It had fantastic art. Penciller Brian Bolland today is well known for his beautiful cover art, but in 1982 when this series began, he was largely unknown outside of England. By the time the book finished in 1985 (unfortunately the wait between some chapters was incredibly long, another trend in comics' future that this book foretold), he was widely known throughout mainstream comics for his incredibly detailed and expressive linework.
It was incredibly well-researched. Writer Mike W. Barr utilized a creative consultant for this book, a member of academia who was well-versed in the Arthurian lore Barr was reworking for his own purposes. Barr similarly drew from his own research into the legends of King Arthur and used as inspiration for this story great works of literature, including the masterful poetry of Sir Thomas Mallory.
It mixed genres seamlessly. In this book, these Arthurian legends were reimagined in a completely new setting: a far-flung future Earth in the midst of an alien invasion.
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4 of 5 people found the following review helpful By Babytoxie on December 16, 2006
Format: Paperback
I don't see why DC wouldn't keep the trade collection of Mike Barr and Brian Bolland's limited series CAMELOT 3000 in print, simply from a historical perspective. While the story may not be a masterpiece, it was DC's first direct-only title and was geared for mature readers. It was a contemporary of such classic tales as Watchmen and Batman: The Dark Knight Returns, so just that little point of timing should ensure continued publication. And the sci-fi/fantasy combo, especially when it involves the Knights of the Round Table, should appeal to many new readers. And then there's the abundance of fine-line art from superstar Bolland: holy cow, this is some absolutely beautiful stuff. I know of no other book that contains so much of his work. It's worth keeping in print for that alone!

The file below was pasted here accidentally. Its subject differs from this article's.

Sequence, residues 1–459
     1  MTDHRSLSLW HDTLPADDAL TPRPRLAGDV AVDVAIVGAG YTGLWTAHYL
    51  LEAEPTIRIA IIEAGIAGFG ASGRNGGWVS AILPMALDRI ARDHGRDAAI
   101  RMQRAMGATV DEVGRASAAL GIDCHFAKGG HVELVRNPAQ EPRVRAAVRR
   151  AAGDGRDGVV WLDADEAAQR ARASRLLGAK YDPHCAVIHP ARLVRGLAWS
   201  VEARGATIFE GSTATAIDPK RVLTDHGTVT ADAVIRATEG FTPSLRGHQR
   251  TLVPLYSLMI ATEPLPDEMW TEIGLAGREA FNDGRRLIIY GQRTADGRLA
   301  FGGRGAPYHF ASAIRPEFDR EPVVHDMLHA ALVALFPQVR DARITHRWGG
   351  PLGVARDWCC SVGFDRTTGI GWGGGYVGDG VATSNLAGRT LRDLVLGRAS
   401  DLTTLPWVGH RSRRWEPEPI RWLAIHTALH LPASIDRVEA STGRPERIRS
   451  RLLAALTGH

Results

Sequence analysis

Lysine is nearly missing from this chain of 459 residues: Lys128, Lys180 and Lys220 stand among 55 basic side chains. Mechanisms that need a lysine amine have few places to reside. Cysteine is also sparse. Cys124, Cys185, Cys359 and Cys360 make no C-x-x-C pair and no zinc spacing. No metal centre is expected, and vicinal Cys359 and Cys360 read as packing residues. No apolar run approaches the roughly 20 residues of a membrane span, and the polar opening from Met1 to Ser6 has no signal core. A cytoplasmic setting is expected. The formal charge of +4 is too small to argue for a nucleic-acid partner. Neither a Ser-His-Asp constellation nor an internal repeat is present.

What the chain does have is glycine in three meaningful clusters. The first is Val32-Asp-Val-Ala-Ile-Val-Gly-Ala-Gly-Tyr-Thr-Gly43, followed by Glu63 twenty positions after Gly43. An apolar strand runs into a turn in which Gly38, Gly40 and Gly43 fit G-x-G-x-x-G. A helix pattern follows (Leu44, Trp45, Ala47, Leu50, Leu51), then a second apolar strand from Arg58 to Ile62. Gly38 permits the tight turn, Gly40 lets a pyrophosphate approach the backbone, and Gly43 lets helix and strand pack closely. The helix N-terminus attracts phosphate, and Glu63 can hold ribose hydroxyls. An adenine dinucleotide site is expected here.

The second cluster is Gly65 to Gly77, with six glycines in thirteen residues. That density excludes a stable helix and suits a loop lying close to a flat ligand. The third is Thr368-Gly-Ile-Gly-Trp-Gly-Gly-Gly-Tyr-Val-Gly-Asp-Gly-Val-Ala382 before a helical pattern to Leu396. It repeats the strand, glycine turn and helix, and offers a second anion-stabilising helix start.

But then, of course, there's the story. While I liked it, it really didn't age well, especially compared to some of the other titles that I mentioned. It's very basic, even simple, and while some of the situations contained within may have been adult fare for the `80s, they certainly wouldn't raise an eyebrow today. In short, don't expect a masterpiece on the level of the other stories. The plot itself is fairly straightforward: an alien invasion of Earth in the year 3000 leads to the resurrection of King Arthur, who makes good on his promise to return and defend England in its hour of need. Arthur then frees his mentor Merlin from imprisonment, and Merlin orchestrates the return of the Knights of the Round Table via some unusual methods. Suffice to say that these certainly don't seem to be the knights that we're familiar with, but they eventually prove themselves to be none other.